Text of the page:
How Does Maryland Differentiate Between Various Assault Crimes?
The crime of assault in Maryland come into play when a perpetrator violates the personal safety or bodily integrity of a victim. It is also possible for verbal threats to rise to the level of an assault crime, especially if the victim fears imminent danger. That being said, there are several different types of assault crimes under Maryland law.
Second-Degree Misdemeanor Assault
The definition of second-degree misdemeanor assault appears in Maryland Code of Criminal Law Section 3-203. Under Maryland law, the term assault includes the crimes of assault, battery, as well as assault and battery. Essentially, state law prohibits unwanted physical contact and credible threats of imminent physical harm.
Any person who violates Section 3-203 is guilty of second-degree misdemeanor assault. Upon conviction, the offender may face imprisonment for up to 10 years and criminal fines up to $2,500.
Second-Degree Felony Assault
The definition of second-degree felony assault also appears in Section 3-203. Under this section, it is unlawful to intentionally cause a physical injury to certain types of victims. In this context, physical injury refers to an actual impairment, not minor injuries. In terms of victims, Section 3-203 prohibits assault crimes against:
- Law enforcement officers who are performing their official duties;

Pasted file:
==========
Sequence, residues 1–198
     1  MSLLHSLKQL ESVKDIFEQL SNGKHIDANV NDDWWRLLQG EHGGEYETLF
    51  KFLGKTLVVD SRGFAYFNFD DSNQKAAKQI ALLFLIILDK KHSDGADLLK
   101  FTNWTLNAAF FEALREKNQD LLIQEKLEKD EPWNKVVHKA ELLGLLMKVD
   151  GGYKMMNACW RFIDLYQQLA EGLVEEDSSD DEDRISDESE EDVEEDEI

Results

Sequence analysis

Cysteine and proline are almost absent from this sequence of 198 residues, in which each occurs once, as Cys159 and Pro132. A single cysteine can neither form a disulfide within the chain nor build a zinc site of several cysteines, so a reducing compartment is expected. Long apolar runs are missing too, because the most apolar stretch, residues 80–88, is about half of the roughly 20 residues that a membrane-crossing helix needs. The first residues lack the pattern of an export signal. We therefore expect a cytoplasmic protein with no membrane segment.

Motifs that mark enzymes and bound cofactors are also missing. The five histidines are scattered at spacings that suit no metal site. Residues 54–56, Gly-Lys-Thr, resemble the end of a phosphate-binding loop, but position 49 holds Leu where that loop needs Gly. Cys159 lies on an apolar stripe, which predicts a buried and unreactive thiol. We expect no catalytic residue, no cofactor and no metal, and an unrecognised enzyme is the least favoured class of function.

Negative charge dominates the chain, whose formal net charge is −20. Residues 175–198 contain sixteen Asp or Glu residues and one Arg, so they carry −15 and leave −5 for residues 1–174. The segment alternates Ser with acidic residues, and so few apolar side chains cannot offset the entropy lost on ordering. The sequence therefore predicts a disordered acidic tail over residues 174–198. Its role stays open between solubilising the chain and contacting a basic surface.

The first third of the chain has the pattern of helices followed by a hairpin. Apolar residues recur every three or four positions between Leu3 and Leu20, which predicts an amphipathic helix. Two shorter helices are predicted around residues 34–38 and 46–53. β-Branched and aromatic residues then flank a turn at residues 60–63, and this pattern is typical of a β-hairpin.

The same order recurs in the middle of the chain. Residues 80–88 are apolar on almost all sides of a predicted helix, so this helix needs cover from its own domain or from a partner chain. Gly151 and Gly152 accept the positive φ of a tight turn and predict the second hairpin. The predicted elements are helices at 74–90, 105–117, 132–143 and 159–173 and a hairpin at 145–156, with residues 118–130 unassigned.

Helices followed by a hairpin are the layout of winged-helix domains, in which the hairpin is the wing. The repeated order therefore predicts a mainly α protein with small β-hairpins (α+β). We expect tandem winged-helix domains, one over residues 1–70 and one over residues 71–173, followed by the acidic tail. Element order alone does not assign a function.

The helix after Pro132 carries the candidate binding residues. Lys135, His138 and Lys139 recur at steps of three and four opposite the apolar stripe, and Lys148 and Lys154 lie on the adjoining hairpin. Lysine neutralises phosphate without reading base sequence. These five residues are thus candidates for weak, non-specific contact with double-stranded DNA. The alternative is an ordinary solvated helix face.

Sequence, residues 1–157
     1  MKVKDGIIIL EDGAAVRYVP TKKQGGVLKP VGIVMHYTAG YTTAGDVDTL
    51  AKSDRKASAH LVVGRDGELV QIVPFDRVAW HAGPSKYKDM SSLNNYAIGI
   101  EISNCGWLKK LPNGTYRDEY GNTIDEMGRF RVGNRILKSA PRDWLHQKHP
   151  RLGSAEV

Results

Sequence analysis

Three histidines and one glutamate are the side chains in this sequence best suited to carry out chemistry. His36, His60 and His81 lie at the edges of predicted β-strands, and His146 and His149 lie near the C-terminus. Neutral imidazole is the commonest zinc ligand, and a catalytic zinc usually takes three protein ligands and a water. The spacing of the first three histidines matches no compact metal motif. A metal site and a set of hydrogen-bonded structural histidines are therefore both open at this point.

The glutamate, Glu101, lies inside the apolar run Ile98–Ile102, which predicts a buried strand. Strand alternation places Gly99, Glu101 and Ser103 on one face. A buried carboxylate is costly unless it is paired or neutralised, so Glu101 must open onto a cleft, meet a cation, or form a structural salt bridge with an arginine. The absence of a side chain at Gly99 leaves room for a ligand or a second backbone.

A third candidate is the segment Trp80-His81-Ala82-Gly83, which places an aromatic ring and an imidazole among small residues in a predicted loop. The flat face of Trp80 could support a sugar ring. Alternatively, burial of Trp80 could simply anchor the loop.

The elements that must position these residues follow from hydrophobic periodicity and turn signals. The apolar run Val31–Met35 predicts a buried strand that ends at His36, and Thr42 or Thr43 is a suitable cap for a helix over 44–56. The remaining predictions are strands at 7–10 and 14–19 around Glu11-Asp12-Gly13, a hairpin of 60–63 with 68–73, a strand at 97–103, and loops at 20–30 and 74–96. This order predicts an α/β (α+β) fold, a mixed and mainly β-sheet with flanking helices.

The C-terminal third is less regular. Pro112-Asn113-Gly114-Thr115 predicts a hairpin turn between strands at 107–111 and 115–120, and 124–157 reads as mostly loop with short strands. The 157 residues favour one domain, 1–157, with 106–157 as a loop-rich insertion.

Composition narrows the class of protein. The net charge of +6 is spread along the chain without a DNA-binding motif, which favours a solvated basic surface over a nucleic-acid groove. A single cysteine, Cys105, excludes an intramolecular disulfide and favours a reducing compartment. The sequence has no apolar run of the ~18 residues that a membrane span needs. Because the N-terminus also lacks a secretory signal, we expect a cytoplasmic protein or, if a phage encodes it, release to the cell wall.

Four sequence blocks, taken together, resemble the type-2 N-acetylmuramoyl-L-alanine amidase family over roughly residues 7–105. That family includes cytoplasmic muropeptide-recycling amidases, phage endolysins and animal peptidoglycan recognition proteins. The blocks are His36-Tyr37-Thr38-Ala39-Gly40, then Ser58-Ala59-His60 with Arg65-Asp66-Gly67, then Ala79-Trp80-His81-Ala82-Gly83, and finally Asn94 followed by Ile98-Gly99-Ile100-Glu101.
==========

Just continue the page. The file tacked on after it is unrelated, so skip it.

- Parole or probation agents who are performing their official duties; or
- Firefighters, emergency medical technicians, rescue squad members, and other first responders who are performing their official duties.
Any person who violates Section 3-203 is guilty of second-degree felony assault. Upon conviction, the offender may face imprisonment for up to 10 years and criminal fines up to $5,000.
First-Degree Felony Assault
The definition of first-degree felony assault appears in Maryland Code of Criminal Law Section 3-202. There are two different versions of this crime under Maryland law.
On one level, first-degree assault applies whenever a person intentionally causes — or intentionally attempts to cause — serious physical injury to another person. In this context, the term serious physical injury refers to an injury that:
- Creates a substantial risk of death;
- Causes permanent or long-term disfigurement; or
- Results in loss or impairment of any bodily member or organ.
On another level, first-degree assault also refers to a standard assault crime committed with a firearm. Specifically, Section 3-202 includes the following weapons as firearms:
- Handguns, antique firearms, rifles, short-barreled rifles, shotguns, and short-barreled shotguns, as defined in Maryland Code of Criminal Law Section 4-201;
- Assault pistols, as defined in Maryland Code of Criminal Law Section 4-301;
- Machine guns, as defined in Maryland Code of Criminal Law Section 4-401; and
- Regulated firearms, as defined in Maryland Code of Criminal Law Section 5-101.
Any person who violates Section 3-202 is guilty of first-degree felony assault. Upon conviction, the offender may face imprisonment for up to 25 years.
Do You Need Legal Help?
If you are facing criminal charges for assault or other crimes in Maryland, it can be distinctly worthwhile to consult with an established criminal defense attorney. The attorneys at Iamele & Iamele, LLP in Baltimore, Maryland, are proven in matters of criminal defense, including assault crimes and similar offenses. If you need legal help, contact us today for a free initial consultation.